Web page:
Well, slap me silly. After “Sounding Off” about Marine Life Protection Act in last week’s Coastline Pilot, I couldn’t have been more shocked by the news of President George W. Bush’s intent to set aside areas of U.S. waters into the Marine Reserve system.
One of the news wires stated that Bush’s actions had “environmentalists choking on their morning cornflakes at the news.” Seems apt that the same president who gleefully opened up pristine wilderness areas to wholesale mining and timber concerns would suddenly become the “blue” guy had the affect of a stun gun to the head.
My glee immediately shifted to suspect. What was under the table? What was he giving away while we were all enraptured with the selection of areas to be protected?
Then I thought, heck, just go with it. Celebrate the fact that the president with one of the worst environmental records has had a change of heart. Maybe it was the wedding of his daughter and the possibility of grandchildren — planetary heirs — that got him thinking. Maybe he thought, well gee whiz, what would those grandkids think if they never got to see a big fish? Or maybe, he’s a big fish eater, and somehow got the message that the seas are running out.
With one stroke of a pen, Bush could protect vast areas of U.S. coastal and territorial waters from fishing, oil exploration and commercial development.
Surprisingly, his action is not without precedent. In 2006, he utilized the Antiquities Act to protect the waters around the Northwestern Hawaiian Islands, and created, what is thus far, the largest marine reserve in the world. I have not had the luxury of visiting those waters, but my friend and IMAX filmmaker, Soames Summerhays, described diving in those waters as astonishing. He suggested the experience was surreal. After decades of diving around the world, he had never experienced such an intact water column.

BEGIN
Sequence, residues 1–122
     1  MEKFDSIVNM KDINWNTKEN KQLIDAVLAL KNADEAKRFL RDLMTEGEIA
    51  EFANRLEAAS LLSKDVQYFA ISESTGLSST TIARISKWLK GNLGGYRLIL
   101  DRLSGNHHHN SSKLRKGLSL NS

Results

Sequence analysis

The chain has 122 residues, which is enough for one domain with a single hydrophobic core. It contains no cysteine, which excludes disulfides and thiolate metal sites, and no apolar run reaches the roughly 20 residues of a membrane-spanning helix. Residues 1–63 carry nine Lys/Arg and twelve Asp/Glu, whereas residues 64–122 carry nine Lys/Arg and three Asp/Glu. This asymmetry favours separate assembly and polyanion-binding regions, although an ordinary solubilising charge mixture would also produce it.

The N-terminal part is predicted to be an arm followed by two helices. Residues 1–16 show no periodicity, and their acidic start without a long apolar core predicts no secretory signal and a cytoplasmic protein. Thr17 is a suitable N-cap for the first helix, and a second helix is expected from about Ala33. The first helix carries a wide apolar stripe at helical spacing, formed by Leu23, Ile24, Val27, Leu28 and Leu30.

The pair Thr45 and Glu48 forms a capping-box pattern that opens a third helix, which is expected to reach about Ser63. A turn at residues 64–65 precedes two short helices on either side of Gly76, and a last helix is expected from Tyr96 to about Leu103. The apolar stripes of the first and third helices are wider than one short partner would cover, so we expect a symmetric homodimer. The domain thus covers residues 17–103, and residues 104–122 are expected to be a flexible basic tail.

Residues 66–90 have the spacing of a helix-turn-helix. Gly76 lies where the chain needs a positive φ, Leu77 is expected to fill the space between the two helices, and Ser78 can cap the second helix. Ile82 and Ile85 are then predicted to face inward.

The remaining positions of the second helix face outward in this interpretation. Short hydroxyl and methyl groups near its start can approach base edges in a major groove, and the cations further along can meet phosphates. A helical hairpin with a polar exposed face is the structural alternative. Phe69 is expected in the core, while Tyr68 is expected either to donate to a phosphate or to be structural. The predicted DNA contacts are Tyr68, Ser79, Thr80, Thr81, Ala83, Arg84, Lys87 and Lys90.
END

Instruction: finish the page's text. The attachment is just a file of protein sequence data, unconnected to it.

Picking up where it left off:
“The big fish were there,” is how he put it. “The big fish. The little fish. Corals were bountiful and undamaged.”
He echoed the sentiment of so many ocean researchers with whom I have spoken. We have lost so much of our water resources — estimates of 90% in the last 50 years are probably an understatement — that we have forgotten, or simply no longer have an idea, of what bounty the oceans once held. The continued taking of the larger fish — and then the smaller fish that are left — to satisfy the increasing demand of a hungry population has pushed our fisheries to the brink of extinction.
The Antiquities Act, passed in 1906, authorizes a president to single-handedly designate any federal public lands as national monuments. This allows the executive branch to side-step Congressional review and an extensive public comment process. Thirteen presidents on both sides of the party line have used the Act to add 125 national monuments covering nearly 100 million acres of federal lands into the register. It is this power that has some press suggesting Bush could be the “Teddy Roosevelt of the seas.”
Last year, the Council on Environmental Quality hosted several closed-door sessions with a select number of noted ocean advocates. They were asked to help identify potential reserves within the United States “economic zone.” This zone is an area that extends into the waters 200 nautical miles from the mainland and U.S.-owned islands around the world.
The advocates, along with several government agencies and stakeholders, created a “wish list” of places to be protected. While not yet public, there are several areas that appear poised for inclusion. The most ambitious of these is an area of more than 600,000 square miles around a number of small islands in the middle of the Central Pacific. The islands are home to biologically rich coral reefs and huge seabird colonies. If selected, this area will be three times larger than the already protected Hawaiian monument.
Other areas on the short list include 100,000 square miles around the Northern Mariana Islands, which includes the 36,000-foot-deep Marianas Trench, a 500-square-mile reserve around the Rose Atoll in the South Pacific, deep-water corals off the coasts of Florida, Georgia and the Carolinas, and the reefs and ridges in the Gulf of Mexico. These areas are significant in that they are not yet prime fishing areas, and the process of setting them aside is much simpler than when large stakeholder interests are involved.
Establishing these waters in reserves is a bold move for our sitting president, and no matter what other feelings I might carry about his legacy, I admit that any act of protecting the seas will improve my rating of his performance. OK, not really; but I’ll be extremely happy for the seas, the fish and their buddies, and the fact that my children’s children will inherit a slim chance for a healthy ocean system.
CATHARINE COOPER loves wild and untouched places. She can be reached at firstname.lastname@example.org